By the time April rolls around, it's easy to glance ahead and see summer coming. Warm weather, school vacation, family trip. Likely you've already begun thinking about the activity schedule.
Something else is drawing closer with each passing day, too: the next school year. While April and May might seem early to start planning ahead, what you do now can have a significant effect on what kind of year your group will have next year. Will you hit the ground running with a well-planned outreach to new parents? Will you connect with teachers from the beginning to let them know you're in their corner? Will new officers and committee chairs be ready to go from the start, or will they need a few weeks to get oriented?
Looking ahead is a leadership job. While everyone else is focusing on the tasks at hand—or dreaming about summer vacation—it's up to you to think about what happens down the line. And this can be the hardest time of year to do that.
Start by scheduling a review meeting with your current officers and committee chairs. Talk about what went well this year and what you'd like to change for next year. You don't actually have to make plans for next year at this point, but this discussion will create some definite ideas on activities and directions you'll want to take for the year ahead.
Make some time to sit down with the principal to talk about his goals for next year. Will the focus be on raising literacy scores? Would he like to improve the library? Is he concerned about supplementing the math curriculum? Talk about what challenges and needs he sees for the school, and brainstorm about ways the parent group can help. Don't make commitments; you're doing preliminary research and will take the information back to the group. But let him know that his goals will help your group set goals.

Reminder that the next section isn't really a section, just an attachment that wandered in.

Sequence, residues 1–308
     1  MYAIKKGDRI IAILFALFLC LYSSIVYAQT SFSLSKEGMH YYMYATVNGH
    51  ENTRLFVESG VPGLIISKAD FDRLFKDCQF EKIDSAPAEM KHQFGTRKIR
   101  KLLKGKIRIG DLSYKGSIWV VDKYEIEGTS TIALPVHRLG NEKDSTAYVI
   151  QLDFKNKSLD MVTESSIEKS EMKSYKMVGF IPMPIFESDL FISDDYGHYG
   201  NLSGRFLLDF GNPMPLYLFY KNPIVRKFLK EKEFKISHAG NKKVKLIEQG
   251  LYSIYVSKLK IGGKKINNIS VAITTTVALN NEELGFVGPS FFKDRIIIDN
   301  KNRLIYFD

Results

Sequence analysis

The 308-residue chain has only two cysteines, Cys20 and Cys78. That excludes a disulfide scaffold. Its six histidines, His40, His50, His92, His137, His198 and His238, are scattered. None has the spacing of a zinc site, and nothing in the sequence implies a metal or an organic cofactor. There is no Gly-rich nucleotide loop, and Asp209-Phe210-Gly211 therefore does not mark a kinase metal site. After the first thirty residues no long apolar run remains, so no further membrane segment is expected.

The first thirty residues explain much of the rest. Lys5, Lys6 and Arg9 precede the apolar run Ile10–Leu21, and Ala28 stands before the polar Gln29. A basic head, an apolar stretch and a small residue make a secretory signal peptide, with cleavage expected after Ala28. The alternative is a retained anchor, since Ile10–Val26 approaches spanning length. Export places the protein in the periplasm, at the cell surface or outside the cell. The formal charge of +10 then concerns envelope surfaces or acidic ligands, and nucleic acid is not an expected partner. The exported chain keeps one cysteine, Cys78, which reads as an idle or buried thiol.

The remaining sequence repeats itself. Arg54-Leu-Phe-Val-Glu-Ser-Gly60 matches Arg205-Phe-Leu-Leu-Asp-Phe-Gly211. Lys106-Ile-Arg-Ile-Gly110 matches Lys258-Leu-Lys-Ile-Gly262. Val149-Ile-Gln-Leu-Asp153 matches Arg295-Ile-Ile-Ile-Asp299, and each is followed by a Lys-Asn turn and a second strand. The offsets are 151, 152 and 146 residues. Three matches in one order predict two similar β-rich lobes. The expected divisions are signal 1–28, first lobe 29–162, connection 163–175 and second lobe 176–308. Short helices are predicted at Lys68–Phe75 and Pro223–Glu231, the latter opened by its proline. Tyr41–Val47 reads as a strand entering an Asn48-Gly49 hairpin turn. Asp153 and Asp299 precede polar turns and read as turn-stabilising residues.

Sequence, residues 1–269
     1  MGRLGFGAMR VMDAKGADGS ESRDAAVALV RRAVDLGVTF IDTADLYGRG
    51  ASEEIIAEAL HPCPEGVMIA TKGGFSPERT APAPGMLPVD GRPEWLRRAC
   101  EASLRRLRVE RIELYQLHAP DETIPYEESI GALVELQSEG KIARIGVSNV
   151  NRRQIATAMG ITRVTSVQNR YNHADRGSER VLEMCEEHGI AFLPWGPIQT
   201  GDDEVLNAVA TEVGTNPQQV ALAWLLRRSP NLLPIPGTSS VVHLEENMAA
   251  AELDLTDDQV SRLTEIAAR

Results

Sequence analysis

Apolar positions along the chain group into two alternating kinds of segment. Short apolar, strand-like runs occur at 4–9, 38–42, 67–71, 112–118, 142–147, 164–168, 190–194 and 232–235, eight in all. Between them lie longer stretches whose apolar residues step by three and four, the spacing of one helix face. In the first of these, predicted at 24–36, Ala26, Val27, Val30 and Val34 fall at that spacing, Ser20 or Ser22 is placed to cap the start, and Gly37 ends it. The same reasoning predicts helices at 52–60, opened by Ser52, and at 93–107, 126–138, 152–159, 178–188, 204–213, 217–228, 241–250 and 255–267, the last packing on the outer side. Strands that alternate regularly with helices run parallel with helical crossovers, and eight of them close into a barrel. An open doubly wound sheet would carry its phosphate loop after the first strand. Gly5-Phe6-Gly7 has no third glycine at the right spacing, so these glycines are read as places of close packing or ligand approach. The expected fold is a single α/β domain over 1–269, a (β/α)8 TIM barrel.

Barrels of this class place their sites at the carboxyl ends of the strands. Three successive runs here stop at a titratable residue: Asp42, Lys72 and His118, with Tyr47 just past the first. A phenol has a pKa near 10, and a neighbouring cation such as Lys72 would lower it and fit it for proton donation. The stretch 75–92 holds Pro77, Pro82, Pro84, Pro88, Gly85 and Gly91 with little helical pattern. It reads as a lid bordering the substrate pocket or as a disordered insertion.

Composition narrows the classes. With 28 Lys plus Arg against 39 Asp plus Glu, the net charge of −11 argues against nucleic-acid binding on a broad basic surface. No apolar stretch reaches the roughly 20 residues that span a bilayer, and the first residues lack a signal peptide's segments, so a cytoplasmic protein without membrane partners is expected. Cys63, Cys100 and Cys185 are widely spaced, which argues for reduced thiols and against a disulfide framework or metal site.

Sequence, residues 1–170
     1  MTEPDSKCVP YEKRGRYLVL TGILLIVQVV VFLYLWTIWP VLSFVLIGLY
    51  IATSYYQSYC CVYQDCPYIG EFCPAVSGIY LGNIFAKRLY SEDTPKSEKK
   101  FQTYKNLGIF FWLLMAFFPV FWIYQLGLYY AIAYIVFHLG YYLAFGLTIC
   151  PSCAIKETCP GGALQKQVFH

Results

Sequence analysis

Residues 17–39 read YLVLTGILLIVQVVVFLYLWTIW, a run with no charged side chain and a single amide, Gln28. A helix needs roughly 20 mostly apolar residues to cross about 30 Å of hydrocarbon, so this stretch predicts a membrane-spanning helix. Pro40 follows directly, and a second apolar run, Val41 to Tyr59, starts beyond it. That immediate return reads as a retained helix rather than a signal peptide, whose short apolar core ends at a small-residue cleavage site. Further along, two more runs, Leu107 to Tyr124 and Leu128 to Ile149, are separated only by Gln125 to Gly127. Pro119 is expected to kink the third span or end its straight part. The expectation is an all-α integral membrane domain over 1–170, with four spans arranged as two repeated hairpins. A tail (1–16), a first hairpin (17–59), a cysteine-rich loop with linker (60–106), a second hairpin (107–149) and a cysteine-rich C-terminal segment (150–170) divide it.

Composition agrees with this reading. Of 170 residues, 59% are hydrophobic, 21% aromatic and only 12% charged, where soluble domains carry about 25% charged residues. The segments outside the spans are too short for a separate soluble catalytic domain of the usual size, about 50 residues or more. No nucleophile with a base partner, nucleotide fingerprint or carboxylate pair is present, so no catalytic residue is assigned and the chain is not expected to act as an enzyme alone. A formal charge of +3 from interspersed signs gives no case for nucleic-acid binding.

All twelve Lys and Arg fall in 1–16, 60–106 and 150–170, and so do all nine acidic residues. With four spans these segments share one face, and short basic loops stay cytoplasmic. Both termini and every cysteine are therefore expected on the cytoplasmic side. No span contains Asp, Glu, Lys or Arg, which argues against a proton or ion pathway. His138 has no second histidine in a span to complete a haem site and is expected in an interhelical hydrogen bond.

Plan outreach to new parents. The amount of involvement you generate dictates in large part what the year will look like. If you have a lot of participation, you'll be able to accomplish more. If just a few of you end up doing all the work, your goals will by necessity be more modest. So planning out how you will build involvement should be a priority. If possible, hold a get-acquainted event for prospective kindergarten parents who want to learn more about the school. Do it this spring—it will help new parents get more comfortable with the school, and it will establish your group as a service to parents—not just a fundraising organization.
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Likewise, plan to keep money in your bank account over the summer so that you can make your first event a welcome-back gathering that promotes parent involvement. Make it free or charge just a nominal amount. By starting with a social event, you'll give parents a better first impression of your group than if the first thing they hear from you is about a fundraiser or membership drive.
Take steps to get new officers and committee chairs the information they need. Do it now, while retiring officers are still around. Ask retiring leaders to gather information into a box or binder to help the incoming officeholders. Receipts, forms, planning documents—anything that provides historical information can help newcomers. Also, ask the retiring officers to spend some time writing down key directions for the new leaders. And arrange one-on-one meetings between old officers and new ones, to provide another means for information to be passed on.
Finally, set a time before the year ends to meet with new officers and committee chairs. Discuss what you'd like to accomplish next year. Talk about the principal's goals, too. And plan some specific ways you'll move toward those goals. Now is not the time to worry about the details. (Should you have it in the gym or the cafeteria?) Concentrate on the big picture, and let the committees work out the details later.
Get everybody focused and pointed in the same direction before summer starts. You'll avoid the beginning-of-the-year scramble to get going. The result: a smoother start with all oars rowing in the same direction. Surprises will happen during the year; they always do. Your advance planning will make it easier to respond to them. It will likely make decisionmaking easier, too. But you need to start now to get it done.